Endangered reptiles to be returned to Philippines
More than 100 endangered reptiles from the Philippines that were smuggled into Hong Kong will be 'repatriated' to their home country today, officials say.
The animals - including pond turtles and water lizards that are unique to the Philippines - will enter a government rescue centre on their return, where they will be considered for future release into the wild.
On June 14, officers discovered 105 reptiles inside a large suitcase carried by a 22-year-old mainland man who claimed to be a student. He was intercepted at Hong Kong International Airport's arrival hall and was later sentenced to six weeks in prison.
The 39 pond turtles, 46 Southeast Asian box turtles, 19 Mindanao monitor lizards and a reticulated python were temporarily placed in the care of Kadoorie Farm & Botanic Garden in the New Territories.
Paul Crow, senior conservation officer of the farm, said yesterday: 'This repatriation highlights the importance of co-operation between governments and non-governmental organisations to combat wildlife crime.'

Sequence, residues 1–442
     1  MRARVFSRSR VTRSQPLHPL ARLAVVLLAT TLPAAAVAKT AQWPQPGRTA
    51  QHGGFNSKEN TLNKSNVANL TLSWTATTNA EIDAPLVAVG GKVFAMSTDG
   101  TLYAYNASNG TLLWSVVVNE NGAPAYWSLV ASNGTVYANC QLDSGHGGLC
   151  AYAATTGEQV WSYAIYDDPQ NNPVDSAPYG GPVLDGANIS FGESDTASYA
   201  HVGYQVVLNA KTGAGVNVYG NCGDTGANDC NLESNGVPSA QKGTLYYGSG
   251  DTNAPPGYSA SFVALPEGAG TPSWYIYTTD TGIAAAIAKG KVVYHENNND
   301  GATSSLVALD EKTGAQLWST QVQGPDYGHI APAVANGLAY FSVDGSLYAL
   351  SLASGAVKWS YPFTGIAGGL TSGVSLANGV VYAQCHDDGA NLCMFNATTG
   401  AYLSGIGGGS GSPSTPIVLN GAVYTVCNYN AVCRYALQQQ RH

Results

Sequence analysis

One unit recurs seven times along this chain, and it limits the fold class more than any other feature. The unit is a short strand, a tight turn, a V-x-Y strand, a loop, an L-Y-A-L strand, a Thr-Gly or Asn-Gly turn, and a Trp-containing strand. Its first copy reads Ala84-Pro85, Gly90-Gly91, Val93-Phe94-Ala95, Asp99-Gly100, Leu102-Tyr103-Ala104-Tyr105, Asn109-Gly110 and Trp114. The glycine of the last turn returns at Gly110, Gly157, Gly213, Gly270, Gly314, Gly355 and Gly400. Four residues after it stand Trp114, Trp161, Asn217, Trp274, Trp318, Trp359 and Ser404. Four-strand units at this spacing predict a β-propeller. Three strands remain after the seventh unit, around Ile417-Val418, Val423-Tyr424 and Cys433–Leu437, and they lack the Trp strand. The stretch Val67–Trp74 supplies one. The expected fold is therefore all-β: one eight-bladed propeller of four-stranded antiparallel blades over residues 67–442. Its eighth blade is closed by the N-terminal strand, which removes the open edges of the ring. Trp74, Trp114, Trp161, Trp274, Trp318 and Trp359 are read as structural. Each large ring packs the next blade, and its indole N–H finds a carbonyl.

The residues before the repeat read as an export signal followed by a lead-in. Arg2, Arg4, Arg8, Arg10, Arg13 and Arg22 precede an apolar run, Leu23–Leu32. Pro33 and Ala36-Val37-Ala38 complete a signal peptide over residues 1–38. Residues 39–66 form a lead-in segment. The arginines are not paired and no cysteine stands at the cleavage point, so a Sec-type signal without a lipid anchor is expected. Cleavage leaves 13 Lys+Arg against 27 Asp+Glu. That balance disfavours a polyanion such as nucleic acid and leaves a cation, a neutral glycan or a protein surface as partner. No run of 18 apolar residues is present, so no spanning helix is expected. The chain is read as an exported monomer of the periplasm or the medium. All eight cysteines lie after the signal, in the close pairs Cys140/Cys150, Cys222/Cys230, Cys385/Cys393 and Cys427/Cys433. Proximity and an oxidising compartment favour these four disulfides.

Previously, the smuggler had been prosecuted for illegally importing 60 reptiles from the Philippines in February and fined HK$4,000.
Dr Gary Ades, head of the Kadoorie farm's conservation department, said the animals were in poor health when they arrived last month, but were now fit for travel.
'Many of them were underweight and dehydrated, and required treatment,' he said. 'Currently the animals are fit and well. They recovered from the minor infections and diseases they had when they arrived. They're ready to travel now.'
The farm said it decided to send back the animals, as keeping them too long in an artificial environment would undermine their ability to adapt to the wild.
All the seized reptiles are listed under Appendix II of Cites, a multilateral treaty protecting endangered fauna and flora, which means permits are required for these animals to be transported between countries.
Alfred Wong, an endangered species protection officer for the Agriculture, Fisheries and Conservation Department, said the reptiles were probably bound for the local exotic-pet market if they had not been rescued.
'There has been a growing demand in the reptile pet market here,' Wong said.
Last year, the department intercepted around 1,000 illegally smuggled reptiles, which can fetch hundreds to thousands of dollars in the market.
The Mindanao monitor lizard can live this many years
- Mating has only been seen in captivity and population is unknown